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Re: Program Design Around Threads

by BrowserUk (Pope)
on Mar 06, 2013 at 06:18 UTC ( #1021957=note: print w/ replies, xml ) Need Help??


in reply to Program Design Around Threads

Try this:

#! perl -slw use strict; use threads; use threads::Q; use threads::shared; use LWP::Simple; sub outputter { my( $fname, $href, $n ) = @_; open my $O, '>:utf8', $fname or die $!; for my $id ( 1 .. $n ) { sleep 1 until exists $href->{ $id }; lock %$href; print $O "$id\t::", delete $href->{ $id }; } close $O; } sub getter { my $tid = threads->tid; my( $Q, $href ) = @_; while( $_ = $Q->dq ) { my( $id, $mac ) = split $;, $_; my $content = get( "http://$mac/" ); lock %$href; $href->{ $id } = $content // "Nothing from $id:$mac\n"; } } our $T //= 8; my $iFile = $ARGV[0] or die "No input filename"; my $machines = (split ' ', `wc -l $iFile` )[0]; my %res :shared; my $Q = threads::Q->new( 128 ); my $outputter = threads->create( \&outputter, '1021943.log', \%res, $machines ) or die $!; threads->create( \&getter, $Q, \%res )->detach for 1 .. $T; open I, '<', $iFile or die $!; my $n = 0; chomp(), $Q->nq( join $;, ++$n, $_ ) while <I>; close I; $Q->nq( undef x $T ); $outputter->join;

The command to run it is:1011943 -T=16 url.fil. The output will be in a file called:1021943.log in the current directory. (For simplicity, I've assumed utf8 for the content, you'll need to check headers and stuff.)

The basic mechanism is to use a single outputter thread and shared hash to coordinate the output.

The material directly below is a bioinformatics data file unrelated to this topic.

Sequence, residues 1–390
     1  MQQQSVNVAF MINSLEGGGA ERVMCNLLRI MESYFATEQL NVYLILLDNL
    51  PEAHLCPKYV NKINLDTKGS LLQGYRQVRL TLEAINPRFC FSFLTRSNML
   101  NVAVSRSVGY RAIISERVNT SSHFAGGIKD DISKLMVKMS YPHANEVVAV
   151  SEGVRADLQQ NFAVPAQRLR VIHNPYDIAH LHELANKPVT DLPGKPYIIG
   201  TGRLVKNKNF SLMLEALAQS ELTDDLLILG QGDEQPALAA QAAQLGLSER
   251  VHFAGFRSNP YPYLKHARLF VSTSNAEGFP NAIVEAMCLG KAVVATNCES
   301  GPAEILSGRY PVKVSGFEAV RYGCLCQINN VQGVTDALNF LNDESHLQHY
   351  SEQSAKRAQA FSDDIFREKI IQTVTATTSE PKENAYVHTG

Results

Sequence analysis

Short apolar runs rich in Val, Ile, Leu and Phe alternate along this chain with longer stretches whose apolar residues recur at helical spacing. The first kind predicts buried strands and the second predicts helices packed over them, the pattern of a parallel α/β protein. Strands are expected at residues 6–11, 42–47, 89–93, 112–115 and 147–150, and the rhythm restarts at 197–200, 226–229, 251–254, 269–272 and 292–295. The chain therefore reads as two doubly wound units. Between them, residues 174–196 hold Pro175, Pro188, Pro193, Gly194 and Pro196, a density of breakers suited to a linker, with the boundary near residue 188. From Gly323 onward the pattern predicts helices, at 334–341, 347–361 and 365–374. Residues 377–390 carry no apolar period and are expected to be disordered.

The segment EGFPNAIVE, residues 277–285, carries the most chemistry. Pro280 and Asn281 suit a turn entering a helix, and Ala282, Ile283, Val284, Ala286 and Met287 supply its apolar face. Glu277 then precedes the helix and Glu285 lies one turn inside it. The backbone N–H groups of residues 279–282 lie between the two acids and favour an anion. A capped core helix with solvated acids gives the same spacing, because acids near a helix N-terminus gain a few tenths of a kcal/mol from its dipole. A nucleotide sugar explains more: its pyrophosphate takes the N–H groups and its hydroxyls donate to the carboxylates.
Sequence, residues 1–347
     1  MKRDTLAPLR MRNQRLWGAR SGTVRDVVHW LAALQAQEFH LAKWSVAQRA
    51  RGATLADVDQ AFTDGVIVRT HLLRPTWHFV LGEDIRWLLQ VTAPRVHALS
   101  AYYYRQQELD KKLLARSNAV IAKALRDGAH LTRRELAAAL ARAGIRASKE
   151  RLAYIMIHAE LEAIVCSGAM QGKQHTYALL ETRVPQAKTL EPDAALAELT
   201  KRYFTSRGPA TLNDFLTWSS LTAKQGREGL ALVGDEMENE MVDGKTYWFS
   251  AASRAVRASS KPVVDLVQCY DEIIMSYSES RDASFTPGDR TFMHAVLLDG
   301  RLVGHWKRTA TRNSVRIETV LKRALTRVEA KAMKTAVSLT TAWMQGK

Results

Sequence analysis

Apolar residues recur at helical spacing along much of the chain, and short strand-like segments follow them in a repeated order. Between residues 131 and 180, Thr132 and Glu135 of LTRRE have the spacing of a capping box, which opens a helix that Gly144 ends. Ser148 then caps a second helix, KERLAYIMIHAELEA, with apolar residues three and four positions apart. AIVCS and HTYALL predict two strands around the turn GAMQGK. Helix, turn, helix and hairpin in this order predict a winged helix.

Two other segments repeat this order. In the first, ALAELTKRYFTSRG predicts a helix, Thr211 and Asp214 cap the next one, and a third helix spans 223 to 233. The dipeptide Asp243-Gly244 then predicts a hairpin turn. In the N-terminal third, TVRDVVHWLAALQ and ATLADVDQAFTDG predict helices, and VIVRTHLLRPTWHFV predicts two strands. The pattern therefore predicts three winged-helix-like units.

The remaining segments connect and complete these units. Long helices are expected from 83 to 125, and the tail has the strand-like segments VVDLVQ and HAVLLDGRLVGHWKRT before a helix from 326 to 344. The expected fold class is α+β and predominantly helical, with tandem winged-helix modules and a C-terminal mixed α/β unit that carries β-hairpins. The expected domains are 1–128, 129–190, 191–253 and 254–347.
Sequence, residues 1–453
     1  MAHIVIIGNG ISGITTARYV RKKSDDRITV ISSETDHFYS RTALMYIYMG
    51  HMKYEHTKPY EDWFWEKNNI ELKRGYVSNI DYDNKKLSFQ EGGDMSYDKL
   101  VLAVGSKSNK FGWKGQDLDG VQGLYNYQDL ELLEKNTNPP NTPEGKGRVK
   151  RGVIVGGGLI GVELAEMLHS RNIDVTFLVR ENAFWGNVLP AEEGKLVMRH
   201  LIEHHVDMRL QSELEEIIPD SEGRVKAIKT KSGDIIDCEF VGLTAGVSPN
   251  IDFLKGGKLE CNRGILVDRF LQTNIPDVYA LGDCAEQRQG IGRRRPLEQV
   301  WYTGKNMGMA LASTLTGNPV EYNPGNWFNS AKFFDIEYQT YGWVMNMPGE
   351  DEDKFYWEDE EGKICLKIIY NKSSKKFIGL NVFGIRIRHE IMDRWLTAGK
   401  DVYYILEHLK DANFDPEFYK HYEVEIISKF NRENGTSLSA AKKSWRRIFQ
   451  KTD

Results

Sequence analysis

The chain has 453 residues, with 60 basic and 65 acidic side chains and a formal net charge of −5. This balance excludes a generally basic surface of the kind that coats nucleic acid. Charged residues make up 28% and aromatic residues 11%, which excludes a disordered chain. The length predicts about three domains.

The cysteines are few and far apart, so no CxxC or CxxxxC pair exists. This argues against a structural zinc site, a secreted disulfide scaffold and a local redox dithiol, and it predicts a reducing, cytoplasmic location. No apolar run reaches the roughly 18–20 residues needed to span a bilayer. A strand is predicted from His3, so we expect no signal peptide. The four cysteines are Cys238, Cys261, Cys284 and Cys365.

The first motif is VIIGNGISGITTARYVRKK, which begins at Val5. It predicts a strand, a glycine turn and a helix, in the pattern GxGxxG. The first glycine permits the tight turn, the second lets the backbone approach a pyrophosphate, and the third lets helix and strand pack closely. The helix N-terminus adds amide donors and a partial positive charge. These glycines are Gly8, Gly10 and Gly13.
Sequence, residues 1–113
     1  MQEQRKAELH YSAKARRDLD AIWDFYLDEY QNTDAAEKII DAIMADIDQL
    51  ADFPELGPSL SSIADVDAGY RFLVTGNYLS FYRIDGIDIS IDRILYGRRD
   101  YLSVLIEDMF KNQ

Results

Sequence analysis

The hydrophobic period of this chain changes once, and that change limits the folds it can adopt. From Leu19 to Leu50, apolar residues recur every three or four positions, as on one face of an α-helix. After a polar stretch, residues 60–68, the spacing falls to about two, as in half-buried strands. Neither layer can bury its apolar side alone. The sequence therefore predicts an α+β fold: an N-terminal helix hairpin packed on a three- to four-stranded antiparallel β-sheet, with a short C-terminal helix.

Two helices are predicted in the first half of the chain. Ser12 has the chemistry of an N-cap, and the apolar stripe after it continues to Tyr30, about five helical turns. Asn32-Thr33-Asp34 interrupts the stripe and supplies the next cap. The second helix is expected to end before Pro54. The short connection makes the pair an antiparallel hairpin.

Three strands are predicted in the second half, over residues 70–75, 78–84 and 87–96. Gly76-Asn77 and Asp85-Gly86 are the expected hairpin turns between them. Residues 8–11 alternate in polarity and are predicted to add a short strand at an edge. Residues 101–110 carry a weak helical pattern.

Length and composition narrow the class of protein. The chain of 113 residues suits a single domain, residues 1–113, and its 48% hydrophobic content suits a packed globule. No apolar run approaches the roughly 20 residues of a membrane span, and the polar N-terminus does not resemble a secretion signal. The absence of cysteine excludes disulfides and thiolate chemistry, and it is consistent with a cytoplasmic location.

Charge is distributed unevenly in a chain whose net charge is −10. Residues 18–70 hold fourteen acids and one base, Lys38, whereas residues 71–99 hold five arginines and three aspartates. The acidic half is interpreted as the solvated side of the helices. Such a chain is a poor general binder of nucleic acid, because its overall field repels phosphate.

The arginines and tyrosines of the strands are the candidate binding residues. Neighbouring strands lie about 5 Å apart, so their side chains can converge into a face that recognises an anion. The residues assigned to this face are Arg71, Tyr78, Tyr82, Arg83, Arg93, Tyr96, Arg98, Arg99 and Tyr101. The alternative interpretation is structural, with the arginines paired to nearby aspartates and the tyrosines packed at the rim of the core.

The multiple getter threads read urls prefix with an id (input file sequence number) from a size-limiting queue (you can download it from Re^5: dynamic number of threads based on CPU utilization) and get the content. When they have it, they lock the shared hash and add the content (or an error messgae) as the value, keyed by the id.

The outputter thread monitors this hash waiting for the appearance of the next id in sequence, and when it appears, they lock the hash; write it to the file and then delete it.

Once the main thread has started the outputter and getter threads, it reads the input file and feeds the urls to the queue. The self limit queue prevent memory runaway. Once the entire list has been fed to the, it queues one undef per thread to terminate the getter threads and then waits for (joins) the outputter thread before terminating.

I've also printed a crude header before each lot of content to verify the ordering.


With the rise and rise of 'Social' network sites: 'Computers are making people easier to use everyday'
Examine what is said, not who speaks -- Silence betokens consent -- Love the truth but pardon error.
"Science is about questioning the status quo. Questioning authority".
In the absence of evidence, opinion is indistinguishable from prejudice.


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Re^2: Program Design Around Threads
by 7stud (Deacon) on Mar 06, 2013 at 06:38 UTC

    When they have it, they lock the shared hash and add the content (or an error messgae) as the value, keyed by the id.

    The outputter thread monitors this hash waiting for the appearance of the next id in sequence, and when it appears, they lock the hash; write it to the file and then delete it.